Rugby Australia’s problems started way before Folau’s tweets. The attendance and performance of the Wallabies stems from the incompetence at the top. The numbers are abysmal. The identity politics obsessed board which keeps a coach despite the worst track record in the team’s history. Australia will be lucky to make the play offs.

As David rightly said, It’s not about rights or wrongs now, it’s about pragmatics. I don’t think rugby should be defining freedom of religion rights or freedom of expression rights. I don’t think it’s our job,

Exactly. Which is why $2m was lined up to let RA know it should drop all of the gender and identity political garbage period and focus on who pays the bills – the fans.

How dare you stand by your man

If CM had a dime every time another person or corporate talked about “diversity and inclusion” he’d be a millionaire. That one has to claim the bleeding obvious is nothing more than sanctimonious virtue signaling. It is nauseating. It’s like asserting one stands against Nazis. Really? How woke!

To have people question Israel Folau’s wife supporting her husband beggars belief. What does one expect? That she might publicly shame him on her Twitter account? Is anyone surprised she retweeted his GoFundMe appeal? Perhaps former Aussie netballer Liz Ellis can advise Maria Folau in the art of throwing her beloved under the bus.

She tweeted, “How about this: There is no room for homophobia in our game. Anyone who is seen to support or endorse homophobia is not welcome. As much as I love watching @MariaFolau play netball I do not want my sport endorsing the views of her husband.”

Liz, should Netball NZ launch a witch-hunt on Maria? Shall we make an example of her? Perhaps ask Jacinda Ardern’s judiciary to sink its newly sharpened fangs into Maria for retweeting Izzy’s ‘hatred’ and incarcerate her? Perhaps ask Twitter to terminate his account?

ANZ, sponsor of the domestic netball premiership, unsurprisingly came out with a politically correct response. Does ANZ have to prove to the 0.1% of activists who claim faux outrage that it isn’t homophobic? Why not appeal to the 0.000001% of fornicators, adulterers and drunks who might have been upset by Folau? It is amazing to think these institutions hire so many staff to floss the chrome fixtures in the executive bathroom.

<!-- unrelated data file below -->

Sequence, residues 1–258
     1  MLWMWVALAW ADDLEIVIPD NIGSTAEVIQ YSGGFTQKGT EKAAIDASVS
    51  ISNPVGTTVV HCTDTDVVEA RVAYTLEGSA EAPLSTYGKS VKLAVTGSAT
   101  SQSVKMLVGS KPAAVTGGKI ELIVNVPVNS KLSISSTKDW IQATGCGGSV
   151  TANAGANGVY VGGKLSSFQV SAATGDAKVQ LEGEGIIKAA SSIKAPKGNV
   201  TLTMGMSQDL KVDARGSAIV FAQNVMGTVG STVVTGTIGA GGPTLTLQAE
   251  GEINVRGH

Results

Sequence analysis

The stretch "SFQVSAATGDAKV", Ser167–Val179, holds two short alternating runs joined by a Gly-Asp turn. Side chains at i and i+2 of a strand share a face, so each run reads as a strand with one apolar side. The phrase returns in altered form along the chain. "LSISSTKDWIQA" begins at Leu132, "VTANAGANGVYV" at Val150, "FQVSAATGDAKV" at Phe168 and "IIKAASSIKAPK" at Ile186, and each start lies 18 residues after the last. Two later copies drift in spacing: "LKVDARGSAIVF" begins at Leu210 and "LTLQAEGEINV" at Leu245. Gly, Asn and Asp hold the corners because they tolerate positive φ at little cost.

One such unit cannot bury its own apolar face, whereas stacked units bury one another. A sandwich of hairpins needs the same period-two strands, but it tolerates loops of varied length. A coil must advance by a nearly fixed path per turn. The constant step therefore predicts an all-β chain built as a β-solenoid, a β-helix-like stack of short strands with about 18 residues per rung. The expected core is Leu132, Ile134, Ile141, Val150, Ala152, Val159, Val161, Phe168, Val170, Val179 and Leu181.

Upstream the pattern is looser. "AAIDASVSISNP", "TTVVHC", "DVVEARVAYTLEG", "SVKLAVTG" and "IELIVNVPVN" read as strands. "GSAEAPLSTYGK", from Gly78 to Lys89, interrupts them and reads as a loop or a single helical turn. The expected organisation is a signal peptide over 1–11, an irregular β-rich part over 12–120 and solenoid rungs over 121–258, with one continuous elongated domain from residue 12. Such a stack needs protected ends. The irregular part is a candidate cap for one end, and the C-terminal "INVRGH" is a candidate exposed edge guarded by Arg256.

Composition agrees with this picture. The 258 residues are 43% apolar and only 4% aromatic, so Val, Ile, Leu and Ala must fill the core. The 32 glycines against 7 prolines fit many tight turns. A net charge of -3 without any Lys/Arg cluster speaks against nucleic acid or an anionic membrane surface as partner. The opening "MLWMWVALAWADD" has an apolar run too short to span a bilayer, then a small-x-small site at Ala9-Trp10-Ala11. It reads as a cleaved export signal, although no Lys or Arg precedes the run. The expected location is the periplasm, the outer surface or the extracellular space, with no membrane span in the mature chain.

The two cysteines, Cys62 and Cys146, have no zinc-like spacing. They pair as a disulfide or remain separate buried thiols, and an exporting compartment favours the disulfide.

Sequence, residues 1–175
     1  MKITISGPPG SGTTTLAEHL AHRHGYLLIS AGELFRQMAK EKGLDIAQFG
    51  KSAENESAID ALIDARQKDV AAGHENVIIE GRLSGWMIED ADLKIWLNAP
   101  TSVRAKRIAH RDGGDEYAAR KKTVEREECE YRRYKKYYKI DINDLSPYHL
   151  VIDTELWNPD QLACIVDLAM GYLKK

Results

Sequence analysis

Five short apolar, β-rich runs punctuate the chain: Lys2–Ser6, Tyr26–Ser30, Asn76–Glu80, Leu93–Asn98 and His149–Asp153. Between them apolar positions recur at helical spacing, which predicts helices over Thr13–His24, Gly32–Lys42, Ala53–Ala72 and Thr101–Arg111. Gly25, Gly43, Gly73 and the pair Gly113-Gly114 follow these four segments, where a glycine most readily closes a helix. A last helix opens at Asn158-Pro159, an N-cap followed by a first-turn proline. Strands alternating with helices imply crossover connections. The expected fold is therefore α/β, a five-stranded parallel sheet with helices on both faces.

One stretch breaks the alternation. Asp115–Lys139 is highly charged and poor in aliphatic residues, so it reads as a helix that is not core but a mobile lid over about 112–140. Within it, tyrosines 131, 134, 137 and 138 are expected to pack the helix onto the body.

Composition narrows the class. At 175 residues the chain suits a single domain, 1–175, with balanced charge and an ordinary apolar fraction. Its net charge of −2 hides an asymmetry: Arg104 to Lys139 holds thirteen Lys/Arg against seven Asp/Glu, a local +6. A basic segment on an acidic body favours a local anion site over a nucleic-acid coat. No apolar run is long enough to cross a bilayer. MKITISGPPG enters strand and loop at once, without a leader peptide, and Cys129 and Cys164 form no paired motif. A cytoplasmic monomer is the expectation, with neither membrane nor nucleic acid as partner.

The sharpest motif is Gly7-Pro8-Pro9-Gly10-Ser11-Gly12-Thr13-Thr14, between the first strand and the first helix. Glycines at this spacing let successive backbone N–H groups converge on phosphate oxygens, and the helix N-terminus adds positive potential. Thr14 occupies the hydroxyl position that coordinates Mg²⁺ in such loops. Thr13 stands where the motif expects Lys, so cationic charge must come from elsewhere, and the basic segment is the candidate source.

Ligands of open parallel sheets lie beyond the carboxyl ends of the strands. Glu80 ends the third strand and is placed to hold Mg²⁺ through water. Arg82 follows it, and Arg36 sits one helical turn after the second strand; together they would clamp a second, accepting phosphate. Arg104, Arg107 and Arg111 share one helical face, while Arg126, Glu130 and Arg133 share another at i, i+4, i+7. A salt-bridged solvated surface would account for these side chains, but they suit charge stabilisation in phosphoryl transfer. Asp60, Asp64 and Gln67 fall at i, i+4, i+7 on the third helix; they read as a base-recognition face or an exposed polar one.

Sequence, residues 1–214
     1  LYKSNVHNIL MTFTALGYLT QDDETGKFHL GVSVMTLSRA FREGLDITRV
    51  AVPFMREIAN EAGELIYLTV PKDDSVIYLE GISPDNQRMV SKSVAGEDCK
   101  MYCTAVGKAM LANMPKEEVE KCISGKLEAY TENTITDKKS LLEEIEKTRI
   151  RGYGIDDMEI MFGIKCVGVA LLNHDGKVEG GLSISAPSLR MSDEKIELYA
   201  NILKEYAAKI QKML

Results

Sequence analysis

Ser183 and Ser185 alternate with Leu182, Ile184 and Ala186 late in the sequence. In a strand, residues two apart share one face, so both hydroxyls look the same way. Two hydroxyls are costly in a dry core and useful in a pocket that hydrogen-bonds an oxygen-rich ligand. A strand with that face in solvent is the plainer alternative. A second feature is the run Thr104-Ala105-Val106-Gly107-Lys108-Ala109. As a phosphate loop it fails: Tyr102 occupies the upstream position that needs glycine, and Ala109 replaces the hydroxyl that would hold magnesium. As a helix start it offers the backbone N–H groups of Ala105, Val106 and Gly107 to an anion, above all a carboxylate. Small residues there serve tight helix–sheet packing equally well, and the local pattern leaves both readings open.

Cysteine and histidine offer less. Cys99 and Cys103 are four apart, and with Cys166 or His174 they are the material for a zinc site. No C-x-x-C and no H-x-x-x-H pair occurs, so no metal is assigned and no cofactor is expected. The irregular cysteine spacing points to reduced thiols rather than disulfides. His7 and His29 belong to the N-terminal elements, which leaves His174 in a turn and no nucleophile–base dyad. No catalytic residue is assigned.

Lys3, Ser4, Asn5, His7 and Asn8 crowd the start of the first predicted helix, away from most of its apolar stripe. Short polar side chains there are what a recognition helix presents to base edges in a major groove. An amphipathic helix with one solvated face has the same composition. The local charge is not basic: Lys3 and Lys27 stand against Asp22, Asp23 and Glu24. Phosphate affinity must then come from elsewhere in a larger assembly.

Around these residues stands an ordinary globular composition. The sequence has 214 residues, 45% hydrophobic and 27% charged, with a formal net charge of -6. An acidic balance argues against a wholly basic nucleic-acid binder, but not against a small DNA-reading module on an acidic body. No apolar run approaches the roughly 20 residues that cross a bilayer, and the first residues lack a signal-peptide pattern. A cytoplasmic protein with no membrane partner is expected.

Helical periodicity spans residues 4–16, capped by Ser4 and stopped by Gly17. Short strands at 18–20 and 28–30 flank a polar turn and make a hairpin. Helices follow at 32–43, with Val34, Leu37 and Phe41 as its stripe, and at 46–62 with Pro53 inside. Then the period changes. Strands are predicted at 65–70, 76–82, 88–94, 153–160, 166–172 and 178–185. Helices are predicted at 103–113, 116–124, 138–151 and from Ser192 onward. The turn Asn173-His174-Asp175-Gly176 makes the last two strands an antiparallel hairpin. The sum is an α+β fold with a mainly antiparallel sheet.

Corporations really need to grow a pair. “Diversity and inclusion” are overused more in corporate virtue signaling than Casanova serenading “I love only you” on Valentine’s Day.

If ANZ had a look at the bank account balances of the activists that they fear so much they would soon learn they could easily afford to lose their business.

Quit the moral preening. You aren’t fooling anyone.

RBA should expect a dead cat bounce from the rate cut

The RBA has cut rates to a record low 1.25%. The irony here is people and businesses invest because they see a cycle, not because interest rates are low. Lowering rates will do little to spur investment, especially as the global economy cools.

Post the Hayne Royal Commission, the banks will likely pass on the full amount which will only impact margins and weaken them given the high reliance on wholesale funding.

The other problem the RBA faces is that banks have become so reluctant to lend post the RC that the net impacts of the rate cut will be negated by the unwillingness to lend at levels we have seen in the past given the penalties associated with it.

CM still contends that the Aussie banks tread a perilous path given their leveraged balance sheets. CM thinks part nationalization or worse is a real prospect if the slowdown is severe enough. The equity buffers are tiny relative to the real estate portfolio. All contained in the above link.

The rate cut is unlikely to boost confidence other than loosen the noose around stretched borrowers’ necks.